We do not negotiate with terrorists.
This is the stated policy of the United States. It is the standard response when a journalist or a Christian missionary is kidnapped by the Iraqi insurgency and threatened with death. It was reiterated when Osama Bin Laden insincerely and manipulatively “offered a truce” in a videotape revealed in January. When Hamas recently won power in the Palestinian government, President Bush made it clear how the United States deals with organizations they suspect to be affiliated with terrorism: “Not until you renounce your desire to destroy Israel will we deal with you,” he said in an interview with the Wall Street Journal.
But when extremist Muslims took to the streets this week in opposition to 12 cartoons run by Jyllands-Posten, the largest daily newspaper in Denmark, this policy was not restated.
The cartoons, one of which depicted the prophet Muhammad with a turban shaped like a bomb, were far less scathing than many satirical potshots at Buddhists, Christians, Hindus and other religious groups that have appeared in newspapers around the world. The response by extremist Muslims has been far more inflammatory than the cartoons themselves; quite literally so, as the extremists have been setting the Danish embassies in Beirut and Damascus aflame (where the Norwegian embassy was stormed as well). These protestors glorify Sept. 11 and promise similar attacks in the future. They have made death threats and assaulted police. Iran has suspended all trade with Denmark over the controversy.
The list of repercussions goes on, but perhaps most telling are the signs some of these protestors hold up that read “Freedom Go to Hell,” along with other variations of that comment.
One wonders if the people holding those signs understand that they are using the freedom of expression to make their point.
These protests are not peaceful assemblages of concerned Muslims. They are groups that have engaged in and celebrated violent acts. Unfortunately, the White House did not respond to them by saying, “We do not negotiate with terrorists,” and applauding Jyllands-Posten for understanding the rights of a free press. White House Chief of Staff Scott McClellan said, “We understand fully why people, why Muslims, find the cartoons offensive.”
It seems that the White House is asserting that one can understand these protests. After all, there are definite differences to be resolved in what has become a clash of cultures between the West and the Middle East. These divergences run to the very heart of how society is viewed. As much as we consider it an infringement upon our way of life to be told “Freedom Go to Hell,” it is imaginable that Muslim nations feel the same way about Americans condoning potshots at what they consider to be most sacred. The White House seems to think it wise to be sympathetic to the idea that the cartoons are offensive.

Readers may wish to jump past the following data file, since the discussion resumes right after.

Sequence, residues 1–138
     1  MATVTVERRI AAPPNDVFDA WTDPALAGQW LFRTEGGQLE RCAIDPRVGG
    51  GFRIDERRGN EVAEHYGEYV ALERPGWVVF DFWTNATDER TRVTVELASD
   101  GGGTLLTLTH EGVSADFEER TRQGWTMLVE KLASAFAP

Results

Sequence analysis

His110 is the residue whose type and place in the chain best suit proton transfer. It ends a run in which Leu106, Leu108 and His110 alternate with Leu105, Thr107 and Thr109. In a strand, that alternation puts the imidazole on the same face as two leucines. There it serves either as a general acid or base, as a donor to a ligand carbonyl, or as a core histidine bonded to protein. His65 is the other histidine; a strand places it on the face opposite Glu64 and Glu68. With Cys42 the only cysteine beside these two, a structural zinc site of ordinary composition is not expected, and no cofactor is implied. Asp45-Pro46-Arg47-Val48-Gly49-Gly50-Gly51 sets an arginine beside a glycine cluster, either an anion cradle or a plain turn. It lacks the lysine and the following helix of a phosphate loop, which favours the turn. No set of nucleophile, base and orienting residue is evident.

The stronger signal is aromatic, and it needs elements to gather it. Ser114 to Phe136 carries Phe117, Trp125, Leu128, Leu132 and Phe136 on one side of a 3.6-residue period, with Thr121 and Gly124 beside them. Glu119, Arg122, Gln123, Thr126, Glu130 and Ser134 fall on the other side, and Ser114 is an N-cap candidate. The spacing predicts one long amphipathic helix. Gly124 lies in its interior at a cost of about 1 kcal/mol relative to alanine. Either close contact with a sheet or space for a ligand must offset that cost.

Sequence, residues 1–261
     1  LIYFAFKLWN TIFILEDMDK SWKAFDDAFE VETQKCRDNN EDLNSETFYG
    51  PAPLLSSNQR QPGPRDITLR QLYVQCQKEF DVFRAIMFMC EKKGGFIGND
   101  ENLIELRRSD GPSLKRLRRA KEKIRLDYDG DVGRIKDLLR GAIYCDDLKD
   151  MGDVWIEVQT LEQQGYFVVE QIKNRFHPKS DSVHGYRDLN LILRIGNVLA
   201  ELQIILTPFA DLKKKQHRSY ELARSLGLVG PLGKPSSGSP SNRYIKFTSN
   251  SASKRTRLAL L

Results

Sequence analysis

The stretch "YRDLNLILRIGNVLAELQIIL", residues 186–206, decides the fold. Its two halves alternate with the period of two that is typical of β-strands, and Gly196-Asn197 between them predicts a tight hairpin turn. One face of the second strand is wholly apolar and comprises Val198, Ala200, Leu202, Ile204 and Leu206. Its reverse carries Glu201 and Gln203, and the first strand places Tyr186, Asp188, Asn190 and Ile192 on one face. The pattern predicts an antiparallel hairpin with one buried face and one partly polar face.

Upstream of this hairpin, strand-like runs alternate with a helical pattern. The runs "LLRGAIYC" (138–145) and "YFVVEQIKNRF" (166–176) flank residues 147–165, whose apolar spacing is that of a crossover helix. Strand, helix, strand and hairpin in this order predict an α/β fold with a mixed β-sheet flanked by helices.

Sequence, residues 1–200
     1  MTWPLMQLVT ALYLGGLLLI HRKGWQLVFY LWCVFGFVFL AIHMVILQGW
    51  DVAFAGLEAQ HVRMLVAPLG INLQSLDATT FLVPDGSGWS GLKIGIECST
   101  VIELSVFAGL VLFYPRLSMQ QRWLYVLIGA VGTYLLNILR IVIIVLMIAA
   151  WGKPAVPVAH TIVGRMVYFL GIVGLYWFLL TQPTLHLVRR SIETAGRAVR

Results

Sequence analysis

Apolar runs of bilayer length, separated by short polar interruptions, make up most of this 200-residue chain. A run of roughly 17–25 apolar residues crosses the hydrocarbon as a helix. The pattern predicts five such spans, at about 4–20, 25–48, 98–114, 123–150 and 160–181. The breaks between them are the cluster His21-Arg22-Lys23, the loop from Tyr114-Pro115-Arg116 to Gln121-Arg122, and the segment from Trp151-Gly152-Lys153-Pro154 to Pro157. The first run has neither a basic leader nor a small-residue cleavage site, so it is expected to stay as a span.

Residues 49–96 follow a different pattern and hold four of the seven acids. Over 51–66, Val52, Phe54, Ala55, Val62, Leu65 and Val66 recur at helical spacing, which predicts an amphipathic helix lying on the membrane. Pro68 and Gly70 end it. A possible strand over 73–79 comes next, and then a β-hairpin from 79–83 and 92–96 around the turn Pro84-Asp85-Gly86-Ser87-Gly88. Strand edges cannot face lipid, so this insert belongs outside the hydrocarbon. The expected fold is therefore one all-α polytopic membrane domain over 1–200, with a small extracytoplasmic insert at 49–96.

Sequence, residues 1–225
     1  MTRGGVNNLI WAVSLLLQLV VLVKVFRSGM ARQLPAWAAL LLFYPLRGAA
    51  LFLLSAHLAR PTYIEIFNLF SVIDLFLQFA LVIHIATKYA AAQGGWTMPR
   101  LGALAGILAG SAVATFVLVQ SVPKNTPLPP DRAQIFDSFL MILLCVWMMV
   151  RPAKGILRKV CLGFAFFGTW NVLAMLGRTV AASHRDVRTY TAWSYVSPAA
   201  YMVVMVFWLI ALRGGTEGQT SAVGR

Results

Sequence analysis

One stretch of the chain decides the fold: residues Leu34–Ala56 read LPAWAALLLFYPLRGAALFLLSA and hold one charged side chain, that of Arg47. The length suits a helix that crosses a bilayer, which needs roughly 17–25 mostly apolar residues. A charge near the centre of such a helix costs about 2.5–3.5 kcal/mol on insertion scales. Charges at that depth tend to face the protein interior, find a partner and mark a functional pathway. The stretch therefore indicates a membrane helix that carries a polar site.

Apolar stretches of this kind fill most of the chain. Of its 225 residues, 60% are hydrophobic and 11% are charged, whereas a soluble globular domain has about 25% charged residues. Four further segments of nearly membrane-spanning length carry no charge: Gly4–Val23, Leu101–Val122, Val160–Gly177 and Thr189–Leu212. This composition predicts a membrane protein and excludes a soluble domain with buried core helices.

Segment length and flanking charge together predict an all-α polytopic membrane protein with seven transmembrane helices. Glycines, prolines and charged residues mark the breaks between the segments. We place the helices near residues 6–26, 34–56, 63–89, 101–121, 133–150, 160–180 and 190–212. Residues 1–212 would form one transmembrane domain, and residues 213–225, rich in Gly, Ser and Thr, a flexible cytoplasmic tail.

Giving people the impression that the only speech that is acceptable is the speech that doesn’t offend anyone is simply a wrong and pathetic strategy. Those who cannot understand the difference between agreement with an idea and allowing the expression of that idea do not deserve to be understood or compromised with. Those who engage in violence, no matter how legitimate their gripe, deserve to be imprisoned. If one cannot live in a society while allowing for things they don’t agree with, one cannot live in a free society.
It is important to remember that there are 1.4 billion Muslims in the world. Only a very small minority would agree with the method of these protestors. Avoidance of prejudicial anti-Muslim thinking is necessary. Equally as necessary, however, is the realization that it is our way of life that is at stake in this conflict. It is not the idea that the cartoons are offensive that is so threatening, but the idea that since they are offensive they should not be permitted.
It is for this reason that the United States cannot negotiate with terrorists. It is not their point of view that is at issue, for pluralism is the American way. It is the very reason they are terrorists – their willingness to engage in violence – that makes it completely fruitless and inappropriate for any nation to negotiate with them. The answer to negative speech is not limiting speech or engaging in violence, but more speech. The United States and Europe need to make it clear that only the grievances of peaceful protestors will be given attention. To the violent minority, the answer should be clear: We do not negotiate with terrorists. As to those who would restrict our liberty and say “Freedom Go to Hell,” they should be told to go to – well, you see where I’m going with this.
The cartoons may be offensive, they may be in bad taste, but when protestors ignore more civilized methods of dissent and engage in violence, they forfeit any right they had to amenity. As to attacks on our civil liberties, there should be no right to amenity in the first place.
Jordan Capobianco is a senior majoring in English literature.